For images of the proposed eco-city Dongtan, launch the gallery.
Zhao QingHao, the first resident of China's first eco-village, is a 58-year-old polio victim whose left leg is twisted at a 60-degree angle below the knee. He walks with a cane fashioned out of PVC tubing and smokes a pipe and the occasional enormous, self-rolled cigarette. His wife, Yi Shiqin, who is 50, is mentally disabled and has a speech impediment. Their family is one of the poorest in a poor community, and their new eco-home has not helped. They have no heat and no water. They have a gas meter but no gas. They have no neighbors on their deserted street, no room to grow corn in their tiny garden, no place in their yard for the cashmere goats that once provided a third of their income. As temperatures dropped last winter, the bio-gasification plant intended to power the village still wasn't working. When snow piled up waist-deep outside their door, they locked themselves in their bedroom because the rest of the house was too cold. Zhao took a pickax and hacked a hole into the wall to create a makeshift fireplace, where they burned wood from the local forest.
China's eco-revolution wasn't meant to go this way, and Zhao and Yi hadn't meant to be eco-pioneers. But their old house, a stone structure Zhao had lived in since the 1960s, was gutted by an electrical fire in May 2006. The local government gave their $2,600 in restitution money to the developer of the eco-village. The couple had little choice. Along with their former neighbors, whose house had also burned, they became the sole residents of Huangbaiyu New Village-model inhabitants of a model community that was supposed to prove that China could grow up green. Five days after Zhao and Yi moved in, a convoy of black sedans pulled into Huangbaiyu: a delegation of officials and journalists from Beijing, here to witness the village's progress.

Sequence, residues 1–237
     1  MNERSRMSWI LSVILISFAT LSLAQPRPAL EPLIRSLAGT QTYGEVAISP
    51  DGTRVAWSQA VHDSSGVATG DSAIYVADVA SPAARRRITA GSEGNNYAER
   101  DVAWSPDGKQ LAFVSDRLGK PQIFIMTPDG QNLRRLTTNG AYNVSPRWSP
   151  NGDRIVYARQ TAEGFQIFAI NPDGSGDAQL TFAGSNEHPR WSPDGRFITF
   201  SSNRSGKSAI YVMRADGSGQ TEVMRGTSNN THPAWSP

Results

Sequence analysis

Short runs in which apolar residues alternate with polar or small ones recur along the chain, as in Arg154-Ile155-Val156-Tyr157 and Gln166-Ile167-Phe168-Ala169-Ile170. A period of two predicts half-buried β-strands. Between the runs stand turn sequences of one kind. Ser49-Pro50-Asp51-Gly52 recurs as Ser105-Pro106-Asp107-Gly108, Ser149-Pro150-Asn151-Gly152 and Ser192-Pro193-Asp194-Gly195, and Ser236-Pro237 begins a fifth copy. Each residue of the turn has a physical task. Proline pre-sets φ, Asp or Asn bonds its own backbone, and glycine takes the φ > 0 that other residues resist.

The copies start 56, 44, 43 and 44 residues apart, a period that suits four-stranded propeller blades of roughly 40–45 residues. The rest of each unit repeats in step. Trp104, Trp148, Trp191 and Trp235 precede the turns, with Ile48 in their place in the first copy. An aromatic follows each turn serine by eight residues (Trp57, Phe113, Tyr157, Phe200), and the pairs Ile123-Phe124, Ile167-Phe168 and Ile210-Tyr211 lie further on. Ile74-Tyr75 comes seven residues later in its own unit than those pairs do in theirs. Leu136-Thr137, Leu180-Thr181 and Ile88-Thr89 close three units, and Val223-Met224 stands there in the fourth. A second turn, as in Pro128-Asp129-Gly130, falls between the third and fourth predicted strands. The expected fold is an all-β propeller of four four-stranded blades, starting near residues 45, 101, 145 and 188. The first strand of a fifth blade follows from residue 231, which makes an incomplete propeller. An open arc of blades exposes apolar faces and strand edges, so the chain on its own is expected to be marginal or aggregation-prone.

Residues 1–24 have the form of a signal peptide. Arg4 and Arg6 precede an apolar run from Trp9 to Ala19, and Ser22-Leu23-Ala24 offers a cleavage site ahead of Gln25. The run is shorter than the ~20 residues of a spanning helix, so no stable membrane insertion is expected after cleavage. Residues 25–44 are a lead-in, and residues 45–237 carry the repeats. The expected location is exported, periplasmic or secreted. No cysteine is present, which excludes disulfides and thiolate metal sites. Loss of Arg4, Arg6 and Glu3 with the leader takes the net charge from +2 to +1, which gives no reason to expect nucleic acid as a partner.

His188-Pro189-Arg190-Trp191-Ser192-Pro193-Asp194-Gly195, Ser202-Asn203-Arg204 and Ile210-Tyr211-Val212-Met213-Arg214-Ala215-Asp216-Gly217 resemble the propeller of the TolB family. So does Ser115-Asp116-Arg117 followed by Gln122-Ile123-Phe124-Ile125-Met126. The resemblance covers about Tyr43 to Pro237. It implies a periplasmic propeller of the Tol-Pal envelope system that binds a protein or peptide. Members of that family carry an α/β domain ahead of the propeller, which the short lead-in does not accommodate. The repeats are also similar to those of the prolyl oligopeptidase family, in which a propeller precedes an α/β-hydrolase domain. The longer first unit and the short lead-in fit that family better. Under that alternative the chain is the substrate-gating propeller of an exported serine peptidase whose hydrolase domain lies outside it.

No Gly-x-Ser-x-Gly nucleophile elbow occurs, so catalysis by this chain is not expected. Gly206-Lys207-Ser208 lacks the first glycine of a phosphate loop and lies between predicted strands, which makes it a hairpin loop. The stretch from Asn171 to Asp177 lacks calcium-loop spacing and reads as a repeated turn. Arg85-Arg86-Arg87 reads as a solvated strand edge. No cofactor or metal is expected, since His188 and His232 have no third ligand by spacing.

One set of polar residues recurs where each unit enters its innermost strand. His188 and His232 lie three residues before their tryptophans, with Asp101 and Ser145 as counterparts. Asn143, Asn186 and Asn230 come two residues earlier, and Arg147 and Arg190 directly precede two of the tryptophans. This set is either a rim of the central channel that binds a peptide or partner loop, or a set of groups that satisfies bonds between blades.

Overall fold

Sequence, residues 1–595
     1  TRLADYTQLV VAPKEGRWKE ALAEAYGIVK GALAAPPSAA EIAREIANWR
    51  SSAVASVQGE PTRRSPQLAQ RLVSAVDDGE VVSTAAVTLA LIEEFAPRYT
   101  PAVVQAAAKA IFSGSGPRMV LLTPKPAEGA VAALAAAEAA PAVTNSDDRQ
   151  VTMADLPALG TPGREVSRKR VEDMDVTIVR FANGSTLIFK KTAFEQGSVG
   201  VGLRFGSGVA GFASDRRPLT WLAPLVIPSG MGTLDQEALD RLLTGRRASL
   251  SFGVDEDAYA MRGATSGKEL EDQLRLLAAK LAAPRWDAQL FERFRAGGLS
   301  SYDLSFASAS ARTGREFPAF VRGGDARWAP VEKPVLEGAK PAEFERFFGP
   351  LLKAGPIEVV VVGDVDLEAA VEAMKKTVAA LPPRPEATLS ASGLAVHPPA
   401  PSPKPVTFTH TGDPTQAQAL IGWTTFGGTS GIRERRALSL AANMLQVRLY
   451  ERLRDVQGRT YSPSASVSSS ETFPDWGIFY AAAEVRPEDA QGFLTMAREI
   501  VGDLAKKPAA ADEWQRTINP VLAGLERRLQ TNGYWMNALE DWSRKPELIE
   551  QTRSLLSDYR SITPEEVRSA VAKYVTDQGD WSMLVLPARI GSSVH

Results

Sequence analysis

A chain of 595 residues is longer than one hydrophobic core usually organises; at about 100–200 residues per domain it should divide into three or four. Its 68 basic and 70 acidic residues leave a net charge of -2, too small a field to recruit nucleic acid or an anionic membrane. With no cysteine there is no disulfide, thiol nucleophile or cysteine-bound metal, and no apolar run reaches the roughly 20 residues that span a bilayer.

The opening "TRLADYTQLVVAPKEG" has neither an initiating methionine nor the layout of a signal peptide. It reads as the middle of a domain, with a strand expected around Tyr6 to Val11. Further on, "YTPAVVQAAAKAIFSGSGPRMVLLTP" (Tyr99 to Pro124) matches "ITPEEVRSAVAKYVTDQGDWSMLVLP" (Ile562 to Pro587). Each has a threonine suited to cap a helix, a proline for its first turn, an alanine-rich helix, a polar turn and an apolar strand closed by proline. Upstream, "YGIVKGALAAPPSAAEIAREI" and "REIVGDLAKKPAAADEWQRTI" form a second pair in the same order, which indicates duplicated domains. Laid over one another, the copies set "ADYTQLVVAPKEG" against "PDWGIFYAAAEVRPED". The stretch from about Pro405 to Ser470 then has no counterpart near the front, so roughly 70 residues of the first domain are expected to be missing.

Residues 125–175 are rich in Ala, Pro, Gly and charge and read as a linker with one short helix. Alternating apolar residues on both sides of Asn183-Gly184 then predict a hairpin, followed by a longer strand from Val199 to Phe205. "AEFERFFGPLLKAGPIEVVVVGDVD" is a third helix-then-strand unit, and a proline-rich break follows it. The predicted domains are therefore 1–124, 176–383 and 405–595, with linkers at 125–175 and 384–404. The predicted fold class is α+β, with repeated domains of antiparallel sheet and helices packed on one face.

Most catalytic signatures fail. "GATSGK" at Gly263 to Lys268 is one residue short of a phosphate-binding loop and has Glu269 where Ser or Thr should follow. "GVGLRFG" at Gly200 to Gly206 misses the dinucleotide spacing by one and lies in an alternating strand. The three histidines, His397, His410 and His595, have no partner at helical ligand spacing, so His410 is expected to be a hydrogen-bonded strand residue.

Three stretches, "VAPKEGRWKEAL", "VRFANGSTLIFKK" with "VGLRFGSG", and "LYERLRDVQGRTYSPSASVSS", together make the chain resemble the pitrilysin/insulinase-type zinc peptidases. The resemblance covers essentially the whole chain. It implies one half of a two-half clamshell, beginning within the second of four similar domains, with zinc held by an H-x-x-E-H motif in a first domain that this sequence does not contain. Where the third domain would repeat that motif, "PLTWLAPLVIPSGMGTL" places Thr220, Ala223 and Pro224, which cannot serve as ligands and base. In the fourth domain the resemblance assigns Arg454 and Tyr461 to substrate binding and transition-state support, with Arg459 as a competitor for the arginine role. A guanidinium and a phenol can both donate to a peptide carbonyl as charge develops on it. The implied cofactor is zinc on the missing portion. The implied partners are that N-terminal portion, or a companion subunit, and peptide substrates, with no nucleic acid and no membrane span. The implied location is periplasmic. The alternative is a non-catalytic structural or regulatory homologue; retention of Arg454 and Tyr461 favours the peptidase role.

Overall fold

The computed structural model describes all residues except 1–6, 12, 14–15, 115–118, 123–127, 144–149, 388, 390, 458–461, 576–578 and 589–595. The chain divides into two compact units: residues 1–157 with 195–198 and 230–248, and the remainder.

The plans for Huangbaiyu-one of the half-dozen eco-cities, megalopolises and capitals of pollution I visited this spring to gauge whether China can engineer itself out of environmental catastrophe-were drawn by none other than William McDonough, the celebrated former "Green Dean" of the University of Virginia's architecture school and godfather of America's sustainable-design movement. In 1996 McDonough was the first, and so far only, individual to win the White House award for green design; the title of his 2002 book, Cradle to Cradle, which refers to an environmentally harmless cycle of manufacture and reuse, has become a sustainability buzz term. Huangbaiyu, in far northeastern China, was the first development project by the China-U.S. Center for Sustainable Development, a nonprofit McDonough started with Deng Nan, the daughter of former Chinese leader Deng Xiaoping. McDonough's drawings depicted a beautiful teardrop of a village filling a forested valley. Its homes were to feature solar panels, eco-bricks made of hay and clay, and southern exposure to maximize sunlight. The project would pay for itself as families from old Huangbaiyu, a village of 1,370, decided to trade in their former homes. The old dwellings would revert to fields, and Huangbaiyu's farmable area would grow (how this would ever make sense economically was never made clear). Like Dongtan, the much larger eco-city now taking form on the margins of Shanghai and another stop on my tour, Huangbaiyu was the subject of glowing press coverage. The local entrepreneur selected to build the new homes, Dai Xiaolong, who is also the village chief, took out nearly $1 million in loans to pay for construction. Convinced that Huangbaiyu would be famous around the world, the first of a wave of green cities across China, he also took out thousands of trademarks-Huangbaiyu Windows, Huangbaiyu Motors, Huangbaiyu Refrigerators-and waited to cash in.